California is one of the few states that also allows for the so-called “Year and a Day Rule” (but has modified it). Under the common law, a man could be charged with murder if his victim perished within – you guessed it – a year and a day of the alleged crime. California has legislatively abrogated the rule in 1996 to provide that if a person dies more than three years and one day after the alleged commission of the underlying crime, then “there shall be a rebuttal presumption that the killing was not criminal.” Cal. Penal Code s. 194. I’m not sure if this rule has been ruther amended since ’96, and would not be surprised if CA completely did away with the rule and joined the majority of states which have likewise done so.

        That said, I’m not quite sure how the above would play out in CA in your scenario of an attempted murder conviction followed by death. This is one of the benefits (*cough cough) of the ever slow moving wheels of justice, there’s plenty of time for the victim to die before a conviction is secured. Maybe some west-coaster could provide more insight on the matter.

        Your bill will be forthcoming…

  6. Brian Murphy - Apr 15, 2011 at 2:19 PM

    I was there last night. While it was certainly odd to see cops on horseback and at least three officers in front of every gate when entering the stadium and then groups of at least four or more in the area of every gate upon exiting, nothing felt different. Great game, very active and entertaining first five innings. Pujols homered. Good times. I wondered if some knucklehead would start trouble just to create some attention toward himself/herself on a night where the police presence overshadowed the actual game. I guess not.
    How long does it last? I’ll see if it’s longer than next Thursday, when I’ll be in attendance for a matinee against the Braves (Craig). Either way, I have never felt unsafe at any time at Dodger Stadium. I felt unsafe while driving through Downtown L.A. after a Dodgers game on the night the 1992 riots started, but I digress.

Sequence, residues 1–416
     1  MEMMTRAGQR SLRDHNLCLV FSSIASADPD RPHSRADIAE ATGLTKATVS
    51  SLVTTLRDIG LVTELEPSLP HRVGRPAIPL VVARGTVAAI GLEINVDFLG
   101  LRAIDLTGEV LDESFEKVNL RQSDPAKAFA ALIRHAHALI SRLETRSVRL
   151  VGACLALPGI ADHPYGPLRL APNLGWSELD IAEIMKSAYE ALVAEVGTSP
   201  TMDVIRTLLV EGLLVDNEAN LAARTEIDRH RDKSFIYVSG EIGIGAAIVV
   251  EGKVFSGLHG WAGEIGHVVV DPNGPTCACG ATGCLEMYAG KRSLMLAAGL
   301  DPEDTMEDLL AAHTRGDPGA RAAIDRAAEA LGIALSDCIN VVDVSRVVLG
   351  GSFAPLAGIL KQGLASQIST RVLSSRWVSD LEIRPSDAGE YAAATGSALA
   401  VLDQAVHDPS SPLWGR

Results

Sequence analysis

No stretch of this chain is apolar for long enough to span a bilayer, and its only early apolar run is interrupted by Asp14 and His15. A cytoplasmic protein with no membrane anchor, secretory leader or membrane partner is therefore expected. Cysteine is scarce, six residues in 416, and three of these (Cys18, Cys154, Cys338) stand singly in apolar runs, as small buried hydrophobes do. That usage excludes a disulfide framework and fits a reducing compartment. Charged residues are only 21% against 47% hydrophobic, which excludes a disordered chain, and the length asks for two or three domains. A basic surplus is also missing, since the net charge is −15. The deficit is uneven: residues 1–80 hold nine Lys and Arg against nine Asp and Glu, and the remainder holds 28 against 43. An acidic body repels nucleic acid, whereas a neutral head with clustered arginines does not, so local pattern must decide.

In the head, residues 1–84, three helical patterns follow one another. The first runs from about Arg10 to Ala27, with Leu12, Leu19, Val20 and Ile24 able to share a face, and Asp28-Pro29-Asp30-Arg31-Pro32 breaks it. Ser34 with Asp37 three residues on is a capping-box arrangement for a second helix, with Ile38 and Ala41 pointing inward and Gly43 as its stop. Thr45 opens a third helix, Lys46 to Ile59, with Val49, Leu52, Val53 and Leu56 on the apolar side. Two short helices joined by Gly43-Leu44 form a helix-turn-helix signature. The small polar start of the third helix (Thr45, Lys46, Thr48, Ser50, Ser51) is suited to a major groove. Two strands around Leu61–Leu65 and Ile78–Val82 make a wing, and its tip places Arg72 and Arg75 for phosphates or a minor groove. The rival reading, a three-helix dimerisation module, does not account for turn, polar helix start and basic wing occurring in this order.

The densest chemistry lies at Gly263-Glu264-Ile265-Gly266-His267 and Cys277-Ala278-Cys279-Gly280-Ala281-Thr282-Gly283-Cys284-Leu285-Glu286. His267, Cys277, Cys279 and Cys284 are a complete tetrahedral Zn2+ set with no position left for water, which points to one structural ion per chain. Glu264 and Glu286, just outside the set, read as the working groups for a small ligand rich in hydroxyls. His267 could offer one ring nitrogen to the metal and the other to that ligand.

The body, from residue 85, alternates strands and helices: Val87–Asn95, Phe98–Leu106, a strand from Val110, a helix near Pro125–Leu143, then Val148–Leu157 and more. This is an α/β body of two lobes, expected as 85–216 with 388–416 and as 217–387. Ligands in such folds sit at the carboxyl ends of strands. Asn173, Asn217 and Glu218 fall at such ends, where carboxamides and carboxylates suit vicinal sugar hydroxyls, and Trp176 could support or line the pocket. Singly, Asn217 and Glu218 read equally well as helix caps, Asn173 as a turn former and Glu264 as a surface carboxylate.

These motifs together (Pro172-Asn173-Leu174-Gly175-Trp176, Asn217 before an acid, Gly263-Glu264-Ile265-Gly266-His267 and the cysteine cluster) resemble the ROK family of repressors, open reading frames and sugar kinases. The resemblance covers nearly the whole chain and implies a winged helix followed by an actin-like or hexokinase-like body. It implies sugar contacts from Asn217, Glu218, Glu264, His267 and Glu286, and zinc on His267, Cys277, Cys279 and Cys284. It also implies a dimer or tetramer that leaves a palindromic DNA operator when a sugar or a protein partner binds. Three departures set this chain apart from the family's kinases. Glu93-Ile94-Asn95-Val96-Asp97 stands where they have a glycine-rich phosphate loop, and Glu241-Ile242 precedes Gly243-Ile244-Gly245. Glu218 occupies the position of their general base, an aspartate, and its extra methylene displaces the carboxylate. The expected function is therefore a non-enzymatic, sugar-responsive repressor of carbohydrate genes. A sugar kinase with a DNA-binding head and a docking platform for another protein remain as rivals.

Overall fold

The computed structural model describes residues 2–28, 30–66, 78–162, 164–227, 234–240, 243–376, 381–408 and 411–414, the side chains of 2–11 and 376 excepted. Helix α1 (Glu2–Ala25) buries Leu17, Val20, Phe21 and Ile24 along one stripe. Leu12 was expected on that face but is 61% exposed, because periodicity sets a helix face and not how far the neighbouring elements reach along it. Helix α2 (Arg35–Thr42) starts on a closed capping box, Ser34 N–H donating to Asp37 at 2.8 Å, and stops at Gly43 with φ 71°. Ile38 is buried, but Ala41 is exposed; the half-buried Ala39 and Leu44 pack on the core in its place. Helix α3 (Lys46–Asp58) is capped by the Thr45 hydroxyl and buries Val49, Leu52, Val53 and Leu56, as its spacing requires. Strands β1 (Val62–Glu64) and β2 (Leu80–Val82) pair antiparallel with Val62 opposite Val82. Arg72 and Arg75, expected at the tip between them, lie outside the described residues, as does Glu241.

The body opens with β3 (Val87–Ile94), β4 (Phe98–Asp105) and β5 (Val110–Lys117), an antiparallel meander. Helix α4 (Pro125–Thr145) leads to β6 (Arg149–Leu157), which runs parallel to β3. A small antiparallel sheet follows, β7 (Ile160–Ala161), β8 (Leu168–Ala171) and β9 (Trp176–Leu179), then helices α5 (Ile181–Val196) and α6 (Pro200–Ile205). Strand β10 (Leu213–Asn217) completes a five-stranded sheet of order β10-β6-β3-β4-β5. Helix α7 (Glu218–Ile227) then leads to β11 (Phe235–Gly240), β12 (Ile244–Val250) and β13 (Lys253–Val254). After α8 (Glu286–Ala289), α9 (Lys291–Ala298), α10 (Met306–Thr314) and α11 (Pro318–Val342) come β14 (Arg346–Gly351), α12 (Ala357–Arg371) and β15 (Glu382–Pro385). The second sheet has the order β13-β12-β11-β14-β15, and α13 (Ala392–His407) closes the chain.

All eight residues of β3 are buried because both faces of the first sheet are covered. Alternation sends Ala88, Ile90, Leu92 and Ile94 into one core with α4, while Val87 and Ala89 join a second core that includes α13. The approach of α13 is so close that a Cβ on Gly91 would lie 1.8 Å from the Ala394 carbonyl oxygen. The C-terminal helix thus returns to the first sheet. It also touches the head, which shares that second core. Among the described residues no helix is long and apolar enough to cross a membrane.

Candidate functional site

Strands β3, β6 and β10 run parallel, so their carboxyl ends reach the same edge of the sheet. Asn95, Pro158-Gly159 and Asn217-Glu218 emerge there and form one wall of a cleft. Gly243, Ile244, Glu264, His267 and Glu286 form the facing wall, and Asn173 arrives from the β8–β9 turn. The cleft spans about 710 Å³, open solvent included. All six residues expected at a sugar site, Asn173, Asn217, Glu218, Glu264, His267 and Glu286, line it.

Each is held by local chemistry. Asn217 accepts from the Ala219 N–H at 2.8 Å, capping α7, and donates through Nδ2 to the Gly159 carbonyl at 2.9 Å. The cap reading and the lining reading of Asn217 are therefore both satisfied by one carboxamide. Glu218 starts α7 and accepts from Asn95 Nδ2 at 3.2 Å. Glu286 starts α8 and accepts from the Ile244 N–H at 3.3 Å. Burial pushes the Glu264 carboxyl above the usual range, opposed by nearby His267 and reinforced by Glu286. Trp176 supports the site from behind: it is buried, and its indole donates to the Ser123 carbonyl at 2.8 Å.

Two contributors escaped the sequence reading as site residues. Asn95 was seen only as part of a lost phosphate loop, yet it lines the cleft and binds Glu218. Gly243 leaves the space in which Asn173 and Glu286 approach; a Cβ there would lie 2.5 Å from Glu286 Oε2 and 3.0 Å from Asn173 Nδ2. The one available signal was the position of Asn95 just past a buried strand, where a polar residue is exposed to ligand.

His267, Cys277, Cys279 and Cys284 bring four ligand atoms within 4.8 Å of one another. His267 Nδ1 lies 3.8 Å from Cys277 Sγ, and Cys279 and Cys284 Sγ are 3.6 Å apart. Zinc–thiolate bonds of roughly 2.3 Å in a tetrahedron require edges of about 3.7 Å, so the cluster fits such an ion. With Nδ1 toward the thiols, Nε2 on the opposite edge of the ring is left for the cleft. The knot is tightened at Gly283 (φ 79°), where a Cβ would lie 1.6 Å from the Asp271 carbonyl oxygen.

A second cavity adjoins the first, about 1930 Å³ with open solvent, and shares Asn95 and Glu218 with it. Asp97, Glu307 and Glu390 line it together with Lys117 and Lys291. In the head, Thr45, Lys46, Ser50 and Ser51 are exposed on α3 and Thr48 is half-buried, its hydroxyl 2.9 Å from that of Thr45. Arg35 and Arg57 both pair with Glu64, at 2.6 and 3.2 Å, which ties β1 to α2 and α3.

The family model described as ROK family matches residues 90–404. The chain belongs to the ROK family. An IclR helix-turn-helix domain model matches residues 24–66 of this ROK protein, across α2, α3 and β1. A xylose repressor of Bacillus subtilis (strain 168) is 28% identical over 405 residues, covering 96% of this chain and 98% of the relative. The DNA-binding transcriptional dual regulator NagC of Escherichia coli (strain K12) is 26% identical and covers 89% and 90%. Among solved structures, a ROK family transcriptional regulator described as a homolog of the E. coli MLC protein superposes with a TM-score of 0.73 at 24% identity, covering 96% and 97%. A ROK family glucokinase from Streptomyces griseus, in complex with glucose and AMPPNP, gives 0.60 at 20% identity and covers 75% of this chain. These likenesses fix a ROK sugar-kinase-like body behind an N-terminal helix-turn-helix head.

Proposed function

I’ve been been to a couple hundred games at Dodger Stadium in the past 20 years. I’ve sat on the third-base side, first-base side, field level, loge level, infield reserve, upper deck. It’s always been good baseball watchin’. There’s no doubt that many sketchy characters attend every game, and the team hasn’t had a capable security force for a while. But I hate to hear from people who have never been to Dodger Stadium or are thinking about attending a game soon now say they are worried or scared about what might happen to them. The Stow tragedy raises these fears, obviously, but it’s fine. Really. Fine.

  7. purdueman - Apr 15, 2011 at 3:07 PM

    The LAPD has a long and storied history for both bungling cases as well as classic cover ups. I suspect that the LAPD are out looking for the guy who put the Giants fan in a coma just about as hard as OJ went out looking for the “real killers” after he beat his murder rap,

    If the LAPD eventually find this guy, or if he’s handed to them on a silver platter say from a surrounding suburban police department, they will loathe having to prosecute him because it will be all over the papers every day and due to the public outcry very expensive to manage all the way from arrest through trial.

    An example of a classic, textbook LAPD cover up, one needs only to read John Chritian’s book on the Bobby Kennedy assassination. There’s both irrefutable documented evidence that proves that at least two guns were used in the murder AND that Sirhan Sirhan couldn’t possibly have fired the fatal bullet (there were 12 bullets fired of which 11 were recovered and Sirhan’s gun fired 8 shots from 3′ feet away; the fatal shot per the coroners report was fired behind Kennedy’s ear at a range of only 1″-2″‘s).

    Then LA Mayor Yorty though didn’t want any of it to come out in the press and ordered the LAPD to stonewall the case (because he didn’t want to risk exposing his department to the same level of scrutiny that the Dallas PD went through after the JFK assassination and Yorty was a hard right winger who despised the Kennedy’s), and they did until things finally died down (no pun intended), to where people stopped asking questions that the LAPD couldn’t credibly answer.

    A classic case of LAPD bungling a case was the OJ Simpson murder trial. Due to intense hatred and a bitter rivalry between different district detectives, when Van Etter took over the murder scene from Furman, he didn’t even bother to follow standard police procedure to review Furman’s initial observation notes of the crime scene.

    In Furman’s notes (which are public record), he clearly writes that blood droplets were found on the back gate leading to the alley, but Van Etter never followed up until three weeks had passed, and by then the chain of evidence had been broken and Prosecutor Marsha Clark couldn’t use it.

    What did that evidence reveal? All three blood types intermingled of both victims and OJ were found just above the latch to the gate on the gate, along with enough of a blood trail to show where his getaway vehicle (the infamous white Ford Bronco), was parked. This was proof that the murderer was intimately familiar with the property and the surrounding streets that he used to plan his getaway.

    The LAPD has always been a puppet tied to the mayor’s offices strings and nothing has changed in that regard over the years, but to his credit Police Chief Branton did a fantastic job of cleaning up a lot of the corruption that he inherited, but it’s no small wonder that there’s the high level of mistrust among the public towards the LAPD.